In the days following Global Village Camp, I realized that youth-inspired insights on discernment could not have come at a better time, for over the past months Kristen and I have thought and prayed long and hard about the next steps of our lives after years of service with ELCA Global Mission in Guyana and South Africa.  Since our return to North America, I have experienced many twists and turns, far too many sleepless nights, and countless words of advice from a wide variety of sources.  In the midst of it all, while I am indeed appreciative of the wonderful words of wisdom gathered from many trusted friends, family members, and ministry colleagues, I recognize that the best insights gifted to me were from the youth who participated at Global Village Camp.  In addition to the enjoyment I received from participating in their presence, they offered hope, inspiration, and a glimpse of the peace that surpasses all understanding.

In reflection upon my conversation with the youth at Global Village Camp, I recently sat alone and wrote the following words:

Always. 
Everywhere.

Be who you are.

Created in the Image and Likeness of God.
 Marked by the Cross of Christ. 
Sealed by the Holy Spirit. 

Be who you are.

Always. 
Everywhere. 

As someone who tends to find (…and enjoy) the complexities in most things, I was reminded that one of the joys of being “childlike” is recognition that certain aspects of life can be simple and straightforward.  In other words, over analysis in discernment can lead to awful paralysis in vocation!  While one could write hundreds of pages about discernment processes (…as many have), and I would agree that such in-depth looks can be helpful, what I appreciate from the youth at Global Village Camp was a refreshing ease to how being and doing are intimately and intricately related, and we should resist the temptation to super-scrutinize and compartmentalize our lives into various “dresser drawers”, as if our “faith clothes” can be separated from our work clothes, play clothes, family clothes, and so forth.  And so, one of the lessons I learned from the youth was that, instead of organizing the various aspects of our adult lives into nice, neat, and separate dresser-drawers, perhaps our lives are to be perceived more like a bicycle wheel, and while each spoke has a role in shaping the wheel, it all comes back to the center.  In other words, while there are many influences that shape who we are, there is one influence at the center that matters most of all – the wonderful reality that we are created in the image and likeness of God, marked by the Cross of Christ, and sealed by the Holy Spirit.  Always.  Everywhere.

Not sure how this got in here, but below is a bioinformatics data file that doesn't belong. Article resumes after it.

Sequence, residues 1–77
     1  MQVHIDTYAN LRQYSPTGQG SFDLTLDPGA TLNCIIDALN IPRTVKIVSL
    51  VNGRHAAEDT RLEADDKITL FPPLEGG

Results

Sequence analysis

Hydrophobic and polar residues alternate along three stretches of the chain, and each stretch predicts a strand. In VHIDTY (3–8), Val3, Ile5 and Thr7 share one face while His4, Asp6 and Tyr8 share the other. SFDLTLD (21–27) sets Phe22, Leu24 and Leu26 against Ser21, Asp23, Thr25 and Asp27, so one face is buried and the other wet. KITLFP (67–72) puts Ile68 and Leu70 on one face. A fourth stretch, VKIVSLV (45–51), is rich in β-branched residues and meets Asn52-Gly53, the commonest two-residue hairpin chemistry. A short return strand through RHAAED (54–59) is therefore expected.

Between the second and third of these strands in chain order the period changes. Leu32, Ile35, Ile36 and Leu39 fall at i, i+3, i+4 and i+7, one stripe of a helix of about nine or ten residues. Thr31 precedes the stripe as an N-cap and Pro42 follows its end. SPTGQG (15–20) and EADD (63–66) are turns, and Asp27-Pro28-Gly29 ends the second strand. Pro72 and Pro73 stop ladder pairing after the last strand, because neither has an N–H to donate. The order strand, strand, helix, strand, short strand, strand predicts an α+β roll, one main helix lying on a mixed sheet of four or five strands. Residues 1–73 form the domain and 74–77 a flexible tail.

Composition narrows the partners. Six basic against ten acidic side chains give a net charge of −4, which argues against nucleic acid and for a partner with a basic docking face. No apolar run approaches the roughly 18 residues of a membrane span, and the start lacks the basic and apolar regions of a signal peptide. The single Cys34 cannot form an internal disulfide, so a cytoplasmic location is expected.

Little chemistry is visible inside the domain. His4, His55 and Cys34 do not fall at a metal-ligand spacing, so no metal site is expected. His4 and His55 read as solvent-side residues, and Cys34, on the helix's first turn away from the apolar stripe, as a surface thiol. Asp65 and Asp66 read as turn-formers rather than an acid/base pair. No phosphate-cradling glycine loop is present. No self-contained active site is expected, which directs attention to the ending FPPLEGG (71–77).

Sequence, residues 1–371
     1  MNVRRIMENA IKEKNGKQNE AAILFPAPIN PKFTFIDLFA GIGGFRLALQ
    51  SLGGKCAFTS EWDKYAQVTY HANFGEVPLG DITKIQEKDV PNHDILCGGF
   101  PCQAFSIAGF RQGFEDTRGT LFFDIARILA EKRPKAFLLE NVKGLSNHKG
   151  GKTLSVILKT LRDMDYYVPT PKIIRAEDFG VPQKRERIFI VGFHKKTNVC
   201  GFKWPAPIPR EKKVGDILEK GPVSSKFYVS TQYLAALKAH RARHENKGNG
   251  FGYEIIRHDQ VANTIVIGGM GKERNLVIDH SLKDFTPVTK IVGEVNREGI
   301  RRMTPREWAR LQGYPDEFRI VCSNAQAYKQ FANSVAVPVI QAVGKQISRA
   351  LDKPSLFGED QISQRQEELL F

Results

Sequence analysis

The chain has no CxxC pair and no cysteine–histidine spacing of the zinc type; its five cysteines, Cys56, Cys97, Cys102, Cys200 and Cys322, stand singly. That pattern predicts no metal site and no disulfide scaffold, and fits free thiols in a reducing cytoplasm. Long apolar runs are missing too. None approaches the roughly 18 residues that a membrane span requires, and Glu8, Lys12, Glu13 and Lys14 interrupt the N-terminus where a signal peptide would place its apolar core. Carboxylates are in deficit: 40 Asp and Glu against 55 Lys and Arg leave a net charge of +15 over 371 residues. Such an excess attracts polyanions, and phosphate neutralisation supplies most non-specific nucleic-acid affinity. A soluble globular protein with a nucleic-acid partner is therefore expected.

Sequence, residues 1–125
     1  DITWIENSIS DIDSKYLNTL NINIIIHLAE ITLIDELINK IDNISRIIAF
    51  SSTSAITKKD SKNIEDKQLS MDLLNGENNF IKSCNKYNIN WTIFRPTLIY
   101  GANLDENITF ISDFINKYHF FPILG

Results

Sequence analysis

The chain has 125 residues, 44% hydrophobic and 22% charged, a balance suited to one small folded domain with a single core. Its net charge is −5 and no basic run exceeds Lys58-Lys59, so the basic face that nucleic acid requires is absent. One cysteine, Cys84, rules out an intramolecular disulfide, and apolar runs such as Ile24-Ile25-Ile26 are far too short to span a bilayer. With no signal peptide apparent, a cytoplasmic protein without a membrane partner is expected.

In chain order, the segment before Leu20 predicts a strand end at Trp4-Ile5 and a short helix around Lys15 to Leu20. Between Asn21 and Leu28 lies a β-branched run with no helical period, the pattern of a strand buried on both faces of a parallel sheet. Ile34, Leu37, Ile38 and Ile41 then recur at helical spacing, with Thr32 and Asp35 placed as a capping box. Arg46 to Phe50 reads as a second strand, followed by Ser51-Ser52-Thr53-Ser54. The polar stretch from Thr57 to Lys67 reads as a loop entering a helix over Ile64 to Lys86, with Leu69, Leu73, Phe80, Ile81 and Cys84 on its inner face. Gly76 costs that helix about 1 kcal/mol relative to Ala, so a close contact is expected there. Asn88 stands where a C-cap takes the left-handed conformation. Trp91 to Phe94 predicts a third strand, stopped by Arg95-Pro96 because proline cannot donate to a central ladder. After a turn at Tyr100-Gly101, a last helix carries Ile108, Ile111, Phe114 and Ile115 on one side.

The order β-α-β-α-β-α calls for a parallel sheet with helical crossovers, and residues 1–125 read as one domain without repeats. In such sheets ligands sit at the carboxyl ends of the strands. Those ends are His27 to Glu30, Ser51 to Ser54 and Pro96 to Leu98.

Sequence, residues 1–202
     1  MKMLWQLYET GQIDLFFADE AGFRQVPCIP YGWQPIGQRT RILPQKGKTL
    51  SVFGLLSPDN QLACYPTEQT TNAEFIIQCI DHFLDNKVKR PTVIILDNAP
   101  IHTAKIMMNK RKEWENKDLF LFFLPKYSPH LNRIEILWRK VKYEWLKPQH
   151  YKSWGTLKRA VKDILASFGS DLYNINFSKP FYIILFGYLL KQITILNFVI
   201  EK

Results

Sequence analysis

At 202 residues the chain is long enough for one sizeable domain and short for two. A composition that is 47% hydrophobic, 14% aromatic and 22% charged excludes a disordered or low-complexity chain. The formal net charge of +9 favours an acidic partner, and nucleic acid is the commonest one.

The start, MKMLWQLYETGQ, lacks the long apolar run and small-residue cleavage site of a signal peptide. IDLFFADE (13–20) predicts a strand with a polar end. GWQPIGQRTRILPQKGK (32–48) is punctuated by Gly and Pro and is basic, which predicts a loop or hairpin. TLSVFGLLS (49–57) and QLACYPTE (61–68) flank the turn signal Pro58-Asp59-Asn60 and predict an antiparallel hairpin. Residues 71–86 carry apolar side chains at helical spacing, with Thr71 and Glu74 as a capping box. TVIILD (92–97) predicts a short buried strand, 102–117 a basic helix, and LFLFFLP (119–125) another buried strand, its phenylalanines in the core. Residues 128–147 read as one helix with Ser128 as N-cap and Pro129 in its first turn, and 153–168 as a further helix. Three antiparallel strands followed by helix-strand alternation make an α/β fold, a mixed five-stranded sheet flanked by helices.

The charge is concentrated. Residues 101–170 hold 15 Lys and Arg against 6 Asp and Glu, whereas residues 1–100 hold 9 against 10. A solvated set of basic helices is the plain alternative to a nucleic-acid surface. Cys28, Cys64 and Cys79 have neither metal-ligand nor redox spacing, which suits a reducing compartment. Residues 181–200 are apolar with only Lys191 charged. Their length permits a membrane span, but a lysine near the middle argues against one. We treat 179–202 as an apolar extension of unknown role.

I believe such thoughts are helpful in countless ways, for there are numerous times in life when we are called upon to make massive choices that alter the course of our journey: Should I attend college, and if so, where should I attend?  Should I get married, and if so, to whom?  Can I share the truth of my sexuality with loved ones, or must I remain silent?  What occupation should I pursue?  Should I have children?  Can my marriage be saved, or is divorce a reality?  What should I do about my illness?  What happens to my family after I die?  While such questions do indeed possess life-changing consequences, we also recognize that it is often the daily actions that shape us as well: Should I drive, walk, or bike today?  What should I eat and drink today?  Should I attend the party today?  Should I have sex today?  Should I share time with my children today?  Should I exercise today?  Should I put-in a few extra hours at the office today?  Should I get involved in the community today?  Should I donate for the sake of others today?  Should I find ways to assist those less fortunate today?  As the youth at Global Village Camp reminded me, it is often the so-called “smaller” daily decisions that often have a deeper impact on our lives than the so-called “larger” ones, thus discernment, identity, and recognition of God’s amazing grace and calling impact such decisions – and priorities – both large and small, each and every day.